The trusted source for
healthcare information and
Prophylactic Revascularization Before Vascular Surgery
Abstract & Commentary
By Michael H. Crawford, MD, Professor of Medicine, Chief of Clinical Cardiology, University of California, San Francisco.
Dr. Crawford is on the speaker's bureau for Pfizer. This article originally appeared in the July 2007 issue of Clinical Cardiology Alert. It was edited by Dr. Crawford, and peer reviewed by Rakesh Mishra, MD, FACC. Dr. Mishra is Assistant Professor of Medicine, Weill Medical College, Cornell University; Assistant Attending Physician, NewYork-Presbyterian Hospital.
Synopsis: In this randomized pilot study, preoperative coronary revascularization in high-risk patients was not associated with an improved outcome.
Source: Poldermans D, et al. A clinical randomized trial to evaluate the safety of a noninvasive approach in high-risk patients undergoing major vascular surgery. J Am Coll Cardiol. 2007;49:1763-1769.
The value of revascularization before major vascular surgery in patients with stress- induced myocardial ischemia has not been tested. Thus, the Dutch Echocardiographic Cardiac Risk Evaluation Applying Stress Echocardiography (DECREASE) study was conducted in 5 European hospitals and one Brazilian hospital. Among 1880 patients undergoing elective abdominal aorta or infrainguinal vascular surgery, 430 with 3 or more risk factors for coronary artery disease underwent dobutamine echo or dypridamole perfusion scintigraphy. The major inclusion criteria was extensive stress-induced ischemia, which was present in 101 of the 430 patients. They were randomized to medical or revascularization therapy prior to surgery. All patients received perioperative beta-blockers at a dose to keep the resting heart rate between 50 and 65 beats/minute, as long as systolic blood pressure was > 100 mm Hg. Antiplatelet therapy was continued during vascular surgery. The primary end point was the composite of all-cause death and myocardial infarction (MI) until 30 days post surgery. The one-year death and MI rate was a secondary end point.
Results: Two patients died between coronary artery bypass surgery (CABG) and vascular surgery of a ruptured aortic aneurysm. The primary end point was 43% in the revascularization group and 33% in the medical therapy group (OR 1.4, 95% CI 0.7-2.8, P = 0.3). Also, the primary end point was not different between those treated with CABG (performed in one-third) or percutaneous coronary revascularization (41% vs 44% during the 1-year follow-up). Poldermans and colleauges concluded that perioperative coronary revascularization in vascular surgery patients with extensive stress-induced myocardial ischemia did not improve post operative or 1-year outcome.
The publication of the Goldman Index in the 1970s lead to an industry of preoperative testing for patients with CAD, or those likely to have it based upon risk factors, to detect those with myocardial ischemia who were at highest risk of a perioperative coronary event. But detection-implied treatment was necessary, which spawned such absurdities as doing CABG so someone could have their gallbladder out. Then came perioperative beta-blocker therapy, which demonstrated that many patients considered at risk would do well on such therapy. The Coronary Artery Revascularization Prophylaxis (CARP) trial showed that preoperative revascularization of stable CAD patients did not improve the outcome of major vascular surgery. However, there was a trend in CARP that favored revascularization for very high-risk patients. This hypothesis was tested in the current trial, where only those with extensive stress-induced myocardial ischemia were randomized to revascularization or medical therapy alone. Although the trial was small (101 patients), the results were not encouraging that a larger study would demonstrate the value of revascularization. Thus, it will not likely be done.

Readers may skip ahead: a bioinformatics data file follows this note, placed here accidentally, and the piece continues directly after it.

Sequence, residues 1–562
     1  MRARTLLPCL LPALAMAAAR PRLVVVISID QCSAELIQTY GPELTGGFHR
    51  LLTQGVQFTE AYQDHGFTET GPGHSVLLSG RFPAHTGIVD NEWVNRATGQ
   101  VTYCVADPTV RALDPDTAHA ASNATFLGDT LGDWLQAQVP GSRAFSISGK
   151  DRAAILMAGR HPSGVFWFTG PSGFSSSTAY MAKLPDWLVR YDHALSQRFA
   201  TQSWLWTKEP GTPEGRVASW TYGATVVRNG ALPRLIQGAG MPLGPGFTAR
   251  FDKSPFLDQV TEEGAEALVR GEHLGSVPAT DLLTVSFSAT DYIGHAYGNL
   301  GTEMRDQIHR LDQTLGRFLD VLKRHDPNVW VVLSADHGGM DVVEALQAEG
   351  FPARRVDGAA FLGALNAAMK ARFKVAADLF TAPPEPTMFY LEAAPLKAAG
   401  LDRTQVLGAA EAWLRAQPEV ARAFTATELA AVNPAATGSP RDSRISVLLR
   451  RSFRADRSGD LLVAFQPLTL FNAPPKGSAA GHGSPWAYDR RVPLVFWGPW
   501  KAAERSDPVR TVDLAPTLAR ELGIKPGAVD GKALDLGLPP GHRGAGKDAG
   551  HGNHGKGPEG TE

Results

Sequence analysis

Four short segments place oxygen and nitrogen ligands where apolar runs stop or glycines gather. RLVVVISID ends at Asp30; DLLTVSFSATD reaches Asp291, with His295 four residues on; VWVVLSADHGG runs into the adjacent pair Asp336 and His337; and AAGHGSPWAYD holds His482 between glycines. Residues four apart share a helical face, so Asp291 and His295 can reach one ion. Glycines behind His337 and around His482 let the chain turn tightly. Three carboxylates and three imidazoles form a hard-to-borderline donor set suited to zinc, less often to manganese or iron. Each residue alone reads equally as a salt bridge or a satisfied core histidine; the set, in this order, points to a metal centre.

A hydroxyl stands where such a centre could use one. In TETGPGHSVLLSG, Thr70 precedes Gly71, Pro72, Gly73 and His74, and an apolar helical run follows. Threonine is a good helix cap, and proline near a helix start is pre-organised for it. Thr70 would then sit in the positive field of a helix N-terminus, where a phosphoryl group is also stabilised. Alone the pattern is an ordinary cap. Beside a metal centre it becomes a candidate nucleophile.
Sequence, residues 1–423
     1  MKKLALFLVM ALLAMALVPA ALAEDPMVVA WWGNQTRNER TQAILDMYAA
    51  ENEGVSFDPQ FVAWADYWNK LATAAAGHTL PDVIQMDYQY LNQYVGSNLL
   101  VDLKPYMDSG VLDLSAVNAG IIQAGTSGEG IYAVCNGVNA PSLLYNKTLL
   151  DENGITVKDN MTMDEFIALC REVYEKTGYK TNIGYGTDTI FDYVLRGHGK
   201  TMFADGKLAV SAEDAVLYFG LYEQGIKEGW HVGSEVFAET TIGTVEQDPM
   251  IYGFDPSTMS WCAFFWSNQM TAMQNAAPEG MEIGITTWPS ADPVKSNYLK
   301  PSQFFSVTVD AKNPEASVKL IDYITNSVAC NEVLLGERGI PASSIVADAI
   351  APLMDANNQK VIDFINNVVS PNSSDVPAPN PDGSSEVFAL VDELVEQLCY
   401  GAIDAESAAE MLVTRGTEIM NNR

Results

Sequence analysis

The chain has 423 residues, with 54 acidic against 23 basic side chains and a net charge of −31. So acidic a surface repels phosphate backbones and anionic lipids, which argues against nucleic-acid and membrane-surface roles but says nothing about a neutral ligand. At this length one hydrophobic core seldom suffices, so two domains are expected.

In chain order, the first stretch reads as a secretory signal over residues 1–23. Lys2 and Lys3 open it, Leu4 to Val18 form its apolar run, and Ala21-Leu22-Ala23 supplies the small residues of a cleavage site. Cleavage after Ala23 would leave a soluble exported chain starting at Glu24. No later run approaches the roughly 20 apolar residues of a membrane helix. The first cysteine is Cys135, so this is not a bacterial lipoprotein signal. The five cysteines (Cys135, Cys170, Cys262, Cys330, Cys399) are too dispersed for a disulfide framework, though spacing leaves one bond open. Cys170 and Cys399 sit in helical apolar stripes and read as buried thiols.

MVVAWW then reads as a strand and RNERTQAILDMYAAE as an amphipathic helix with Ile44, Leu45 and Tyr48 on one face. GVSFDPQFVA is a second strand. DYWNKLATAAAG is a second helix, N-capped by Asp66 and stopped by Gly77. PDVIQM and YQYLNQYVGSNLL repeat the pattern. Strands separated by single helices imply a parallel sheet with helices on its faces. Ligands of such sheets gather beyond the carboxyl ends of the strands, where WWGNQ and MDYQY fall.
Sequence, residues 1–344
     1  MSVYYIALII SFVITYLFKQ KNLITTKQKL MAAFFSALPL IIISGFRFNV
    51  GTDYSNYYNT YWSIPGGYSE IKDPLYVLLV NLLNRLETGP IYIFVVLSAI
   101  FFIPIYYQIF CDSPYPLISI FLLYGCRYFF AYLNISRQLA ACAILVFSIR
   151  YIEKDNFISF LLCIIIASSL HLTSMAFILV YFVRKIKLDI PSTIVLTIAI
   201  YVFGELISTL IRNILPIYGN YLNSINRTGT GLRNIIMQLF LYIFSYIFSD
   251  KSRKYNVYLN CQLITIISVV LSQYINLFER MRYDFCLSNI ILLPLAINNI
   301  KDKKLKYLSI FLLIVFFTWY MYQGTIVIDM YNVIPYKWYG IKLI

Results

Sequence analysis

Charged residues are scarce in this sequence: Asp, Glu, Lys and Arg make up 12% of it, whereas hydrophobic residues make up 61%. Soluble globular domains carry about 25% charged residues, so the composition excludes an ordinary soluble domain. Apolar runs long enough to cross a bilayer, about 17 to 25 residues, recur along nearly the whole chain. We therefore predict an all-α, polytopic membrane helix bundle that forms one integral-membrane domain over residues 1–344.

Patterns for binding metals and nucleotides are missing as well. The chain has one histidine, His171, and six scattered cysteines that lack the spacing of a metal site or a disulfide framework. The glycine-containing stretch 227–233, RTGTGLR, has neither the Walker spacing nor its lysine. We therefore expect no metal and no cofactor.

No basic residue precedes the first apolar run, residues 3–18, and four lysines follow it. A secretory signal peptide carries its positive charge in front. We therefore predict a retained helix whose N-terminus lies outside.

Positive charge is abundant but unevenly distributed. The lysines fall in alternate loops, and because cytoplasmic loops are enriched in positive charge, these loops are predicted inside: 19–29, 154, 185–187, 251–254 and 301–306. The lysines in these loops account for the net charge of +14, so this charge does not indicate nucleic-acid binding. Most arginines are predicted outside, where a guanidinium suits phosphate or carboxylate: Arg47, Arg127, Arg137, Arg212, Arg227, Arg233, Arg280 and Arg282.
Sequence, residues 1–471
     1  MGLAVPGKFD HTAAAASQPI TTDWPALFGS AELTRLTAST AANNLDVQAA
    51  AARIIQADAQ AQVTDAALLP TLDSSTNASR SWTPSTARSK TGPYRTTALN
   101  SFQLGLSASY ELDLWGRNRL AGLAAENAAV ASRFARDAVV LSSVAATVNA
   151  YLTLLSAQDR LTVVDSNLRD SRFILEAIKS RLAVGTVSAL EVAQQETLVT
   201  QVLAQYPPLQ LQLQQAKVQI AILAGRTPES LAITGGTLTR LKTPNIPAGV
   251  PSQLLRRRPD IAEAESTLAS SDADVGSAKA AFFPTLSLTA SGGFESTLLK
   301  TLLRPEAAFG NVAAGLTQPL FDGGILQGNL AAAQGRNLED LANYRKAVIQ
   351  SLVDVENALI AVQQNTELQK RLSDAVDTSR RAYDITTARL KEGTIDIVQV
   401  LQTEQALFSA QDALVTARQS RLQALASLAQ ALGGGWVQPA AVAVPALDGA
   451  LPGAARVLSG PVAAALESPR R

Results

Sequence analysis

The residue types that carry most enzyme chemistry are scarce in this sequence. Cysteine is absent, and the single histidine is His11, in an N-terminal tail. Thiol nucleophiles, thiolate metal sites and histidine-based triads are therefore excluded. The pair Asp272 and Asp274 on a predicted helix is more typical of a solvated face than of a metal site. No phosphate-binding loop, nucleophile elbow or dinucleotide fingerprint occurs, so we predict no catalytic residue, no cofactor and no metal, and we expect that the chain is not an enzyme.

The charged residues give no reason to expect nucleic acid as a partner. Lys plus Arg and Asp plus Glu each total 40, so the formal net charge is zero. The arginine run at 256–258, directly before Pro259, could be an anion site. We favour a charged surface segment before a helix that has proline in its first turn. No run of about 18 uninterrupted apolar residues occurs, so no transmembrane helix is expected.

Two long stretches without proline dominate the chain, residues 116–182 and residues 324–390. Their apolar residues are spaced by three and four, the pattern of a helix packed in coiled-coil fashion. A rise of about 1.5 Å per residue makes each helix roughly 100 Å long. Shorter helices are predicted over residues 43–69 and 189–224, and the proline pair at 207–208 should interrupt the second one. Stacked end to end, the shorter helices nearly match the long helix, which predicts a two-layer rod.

The question now is where does this leave pre-operative testing? If revascularization does not make a difference, why look for ischemia? These studies did exclude those with significant left main stenosis, but we cannot justify cardiac catheterization in all stable patients for that reason. The only reason to delay surgery for cardiac catheterization would be for the unstable cardiac patient; those with unstable angina, resting ischemia, and stress tests done for symptoms that show high-risk features. Cardiac catheterization in stable or asymptomatic patients — whatever their risk profile — would seem unjustified.
Another interesting feature of this trial is that delaying surgery for cardiac revascularization lead to death from ruptured aneurysms in 2 patients (4%). So the urgency of the surgical situation needs to be considered. Also, aspirin and clopidogrel were not stopped for vascular surgery after coronary stenting, and there was no difference between those on these drugs and those not in bleeding complications. We have to ask our surgeons to rise to the occasion as they do in Europe and Brazil. Almost half the patients in this study had significantly reduced left ventricular ejection fraction. Although this is a legitimate indication for cardiac catheterization if ischemic heart disease is the suspected cause, this study would suggest that this does not have to be done before vascular surgery if the patient is stable. For those interested, the implications of this study are consistent with the ACC/AHA Guidelines. So, experienced clinicians knew these things before this study was done.